Values and the Defense of Freedom

As such, Rand is opposed to many modern libertarians who consider freedom to be an irreducible primary, one which justifies the choice of any “values” whatsoever. To her, it’s the other way around: she defends freedom as a consequence of man’s need to pursue rational, life-affirming values.

While the conclusion that values underlie freedom may seem superficially similar to the religious view, Rand’s account of the source and nature of those values sets them diametrically apart. (As an illustration of just how great the difference is, consider that in contrast to the Christian reverence for faith and humility, Rand counts reason and pride among her primary values and virtues.)

Yet her fundamental disagreement with the religious approach doesn’t end here; it also extends to her view of man. Many traditional religionists see the need for a “Big God” because man, in their view, is fundamentally flawed (see the doctrine of Original Sin). Because of his inherent flaws -- be they greed, pride, or what have you -- man can’t be trusted to do good. He must be kept in place by a supernatural Authority.

Rand, on the other hand, sides with the giants of the Enlightenment in considering man to be morally perfectible. According to her, man has in his possession the means (free will and a reasoning mind) and the incentive (the betterment of his life) to choose and practice the good. Thus, when left free, men will tend to a life of achievement. (This is borne out on a historical scale, where the freest countries were both the most productive and most moral. Think of America and the UK during the 1800s vs. any theocratic or communist state.)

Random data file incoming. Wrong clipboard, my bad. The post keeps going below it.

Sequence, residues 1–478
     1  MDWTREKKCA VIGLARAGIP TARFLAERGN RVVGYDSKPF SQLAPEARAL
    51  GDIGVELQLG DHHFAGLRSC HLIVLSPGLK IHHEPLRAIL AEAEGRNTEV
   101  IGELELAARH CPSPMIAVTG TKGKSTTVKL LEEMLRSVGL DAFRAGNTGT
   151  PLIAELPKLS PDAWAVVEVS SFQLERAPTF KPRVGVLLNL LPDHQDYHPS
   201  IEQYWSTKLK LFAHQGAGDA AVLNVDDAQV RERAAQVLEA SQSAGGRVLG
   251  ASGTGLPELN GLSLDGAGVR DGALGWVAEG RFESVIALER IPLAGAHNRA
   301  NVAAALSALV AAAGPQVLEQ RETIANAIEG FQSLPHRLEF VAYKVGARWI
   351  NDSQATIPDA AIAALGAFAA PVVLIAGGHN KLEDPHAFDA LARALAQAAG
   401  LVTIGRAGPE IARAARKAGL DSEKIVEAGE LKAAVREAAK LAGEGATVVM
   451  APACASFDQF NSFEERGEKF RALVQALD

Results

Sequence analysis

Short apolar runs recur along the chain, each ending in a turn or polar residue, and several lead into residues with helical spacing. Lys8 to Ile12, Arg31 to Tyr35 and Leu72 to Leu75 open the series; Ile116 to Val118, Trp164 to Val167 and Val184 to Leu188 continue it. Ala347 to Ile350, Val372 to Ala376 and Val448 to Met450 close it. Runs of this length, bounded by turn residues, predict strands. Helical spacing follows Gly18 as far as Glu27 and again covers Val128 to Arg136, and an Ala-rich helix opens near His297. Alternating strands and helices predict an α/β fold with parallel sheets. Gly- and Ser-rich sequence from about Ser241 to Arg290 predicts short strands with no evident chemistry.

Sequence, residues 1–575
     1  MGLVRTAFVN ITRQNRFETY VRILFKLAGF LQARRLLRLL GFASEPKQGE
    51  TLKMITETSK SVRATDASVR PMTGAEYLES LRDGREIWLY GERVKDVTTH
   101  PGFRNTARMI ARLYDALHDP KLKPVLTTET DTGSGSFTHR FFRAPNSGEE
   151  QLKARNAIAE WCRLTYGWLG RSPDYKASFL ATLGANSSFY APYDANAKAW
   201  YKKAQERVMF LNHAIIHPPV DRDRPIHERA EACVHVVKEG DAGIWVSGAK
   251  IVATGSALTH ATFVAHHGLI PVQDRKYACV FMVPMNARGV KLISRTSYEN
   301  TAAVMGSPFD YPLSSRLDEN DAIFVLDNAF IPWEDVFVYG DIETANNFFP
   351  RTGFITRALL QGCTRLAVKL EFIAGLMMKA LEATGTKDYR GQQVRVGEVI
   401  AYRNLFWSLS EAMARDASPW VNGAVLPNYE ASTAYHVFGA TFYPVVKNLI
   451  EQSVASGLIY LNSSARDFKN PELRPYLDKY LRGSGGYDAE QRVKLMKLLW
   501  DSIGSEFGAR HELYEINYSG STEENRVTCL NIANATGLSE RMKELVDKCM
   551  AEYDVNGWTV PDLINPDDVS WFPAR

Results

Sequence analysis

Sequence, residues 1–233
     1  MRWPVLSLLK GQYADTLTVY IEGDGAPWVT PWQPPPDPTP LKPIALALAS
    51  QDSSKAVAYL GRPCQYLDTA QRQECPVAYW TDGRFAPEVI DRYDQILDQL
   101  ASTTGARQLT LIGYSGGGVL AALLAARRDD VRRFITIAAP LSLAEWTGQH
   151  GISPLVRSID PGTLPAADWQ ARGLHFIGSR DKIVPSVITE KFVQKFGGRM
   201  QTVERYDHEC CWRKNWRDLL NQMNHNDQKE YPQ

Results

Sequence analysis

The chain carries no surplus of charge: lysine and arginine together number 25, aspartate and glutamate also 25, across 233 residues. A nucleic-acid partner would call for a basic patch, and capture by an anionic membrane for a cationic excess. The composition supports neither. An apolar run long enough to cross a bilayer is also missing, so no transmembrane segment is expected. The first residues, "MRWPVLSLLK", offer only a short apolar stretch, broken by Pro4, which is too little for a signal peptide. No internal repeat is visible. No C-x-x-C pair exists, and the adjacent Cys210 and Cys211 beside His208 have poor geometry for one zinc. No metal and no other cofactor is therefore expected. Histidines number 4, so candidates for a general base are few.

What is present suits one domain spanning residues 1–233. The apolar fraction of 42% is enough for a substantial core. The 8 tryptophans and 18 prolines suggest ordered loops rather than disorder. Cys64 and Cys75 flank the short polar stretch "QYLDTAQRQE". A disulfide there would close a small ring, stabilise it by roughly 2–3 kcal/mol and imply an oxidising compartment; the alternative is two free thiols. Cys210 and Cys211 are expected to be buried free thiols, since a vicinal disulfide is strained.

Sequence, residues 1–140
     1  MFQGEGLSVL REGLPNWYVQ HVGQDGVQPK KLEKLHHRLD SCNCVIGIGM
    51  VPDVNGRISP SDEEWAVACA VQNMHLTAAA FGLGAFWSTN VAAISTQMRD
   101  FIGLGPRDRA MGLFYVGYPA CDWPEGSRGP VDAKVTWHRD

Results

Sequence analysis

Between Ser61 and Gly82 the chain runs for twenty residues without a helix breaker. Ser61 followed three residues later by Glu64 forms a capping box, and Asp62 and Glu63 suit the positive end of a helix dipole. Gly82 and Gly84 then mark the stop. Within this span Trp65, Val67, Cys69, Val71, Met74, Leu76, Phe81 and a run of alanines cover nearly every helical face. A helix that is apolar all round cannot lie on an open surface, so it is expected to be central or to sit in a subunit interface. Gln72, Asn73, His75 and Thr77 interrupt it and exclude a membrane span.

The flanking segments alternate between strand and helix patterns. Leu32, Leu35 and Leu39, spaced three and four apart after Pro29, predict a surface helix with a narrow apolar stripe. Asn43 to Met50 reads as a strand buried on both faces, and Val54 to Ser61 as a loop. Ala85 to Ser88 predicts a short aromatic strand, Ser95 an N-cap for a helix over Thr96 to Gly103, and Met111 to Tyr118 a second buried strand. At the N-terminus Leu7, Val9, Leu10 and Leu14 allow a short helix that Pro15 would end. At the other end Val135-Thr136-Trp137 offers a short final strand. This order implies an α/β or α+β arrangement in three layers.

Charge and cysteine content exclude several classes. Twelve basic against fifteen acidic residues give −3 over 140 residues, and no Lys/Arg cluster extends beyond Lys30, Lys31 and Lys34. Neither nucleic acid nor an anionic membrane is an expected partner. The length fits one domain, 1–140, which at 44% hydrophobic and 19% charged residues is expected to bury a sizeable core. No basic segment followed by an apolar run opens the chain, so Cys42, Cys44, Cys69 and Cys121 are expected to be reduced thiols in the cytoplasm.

In her view, freedom is both moral and practical. No top-down authority is necessary to keep man in his place, and most laws are written primarily to punish the relatively few who would choose to initiate force against others.

The debate over limited government and fiscal restraint, in Tea Parties and GOP alike, hinges on the grounding and defense of freedom. Does freedom come from the alleged endowments and pronouncements of a Judeo-Christian God, or is its source this-worldly, residing in the nature of man and his faculty of reason?

Ayn Rand offered powerful arguments for the latter view. Moreover, as she once wrote:

[T]o rest one’s case on faith means to concede that reason is on the side of one’s enemies -- that one has no rational arguments to offer. The “conservatives” claim that their case rests on faith, means that there are no rational arguments to support the American system, no rational justification for freedom, justice, property, individual rights ....

Thus Rand not only establishes how to champion limited government without appealing to religion -- she also shows why we must. Let’s heed her advice by giving our values and freedom the rational defense they deserve.